Neoliberalism and segregation. A comparative sociology of urban renewal in Amsterdam and Rotterdam
02 / 2013 - 02 / 2016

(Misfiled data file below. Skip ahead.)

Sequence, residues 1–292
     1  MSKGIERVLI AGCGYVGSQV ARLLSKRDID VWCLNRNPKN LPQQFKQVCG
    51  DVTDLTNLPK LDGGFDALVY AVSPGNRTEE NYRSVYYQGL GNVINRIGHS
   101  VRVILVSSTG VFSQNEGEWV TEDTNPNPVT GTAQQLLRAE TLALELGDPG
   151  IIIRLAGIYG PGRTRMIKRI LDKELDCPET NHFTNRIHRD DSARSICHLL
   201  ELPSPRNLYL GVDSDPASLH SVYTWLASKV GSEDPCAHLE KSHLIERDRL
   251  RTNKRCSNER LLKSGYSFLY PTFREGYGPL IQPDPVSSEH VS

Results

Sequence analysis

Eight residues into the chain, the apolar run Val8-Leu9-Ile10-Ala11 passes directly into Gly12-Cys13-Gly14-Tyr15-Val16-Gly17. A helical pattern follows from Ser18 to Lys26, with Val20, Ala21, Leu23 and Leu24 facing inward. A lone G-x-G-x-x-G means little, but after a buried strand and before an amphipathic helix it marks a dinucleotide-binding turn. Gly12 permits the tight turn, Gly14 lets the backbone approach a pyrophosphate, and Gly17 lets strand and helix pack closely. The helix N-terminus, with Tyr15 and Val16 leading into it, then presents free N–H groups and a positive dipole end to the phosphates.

This research project investigates the modalities and effects of urban renewal in the Netherlands. The main research question is: how and why did urban renewal policies affect (reinforce or attenuate) patterns of income segregation in cities since 1995? To answer this question, the research project undertakes several steps. First, it develops a relational approach to map and explain state transformation. In particular, the concept of spatial selectivity captures how the government and its partners invest in some areas instead of others. Second, it constructs a database of policy interventions in the field of urban renewal that operationalizes the concept of spatial selectivity and allows an analysis of the changing and geographically uneven forms of urban renewal. Third, the project constructs a database that allows the measurement of (changing) patterns of segregation. Fourth, the project undertakes interviews with key informants and analyzes the documentation on urban renewal plans to identify the mechanisms behind the spatial selectivity of the state and patterns of segregation. Anticipating that the urban renewal policies and their effects may be different between periods and cities, the project includes both a geographical and historical dimension. A comparison is made between Amsterdam and Rotterdam to gauge renewal in respectively a booming city region with a tight housing market and a bust city region with a relaxed housing market. The project furthermore distinguishes between urban renewal before and after the economic crisis of 2008. The overall goal is to examine the changing selectivity of the state by looking at the causes and effects of decisions related to urban renewal. Using such a comparative and multi-method approach not only provides insights into the dynamics of urban development in the Netherlands' two largest cities but also enables us to understand state transformations and their effects on the city's socio-spatial fabric.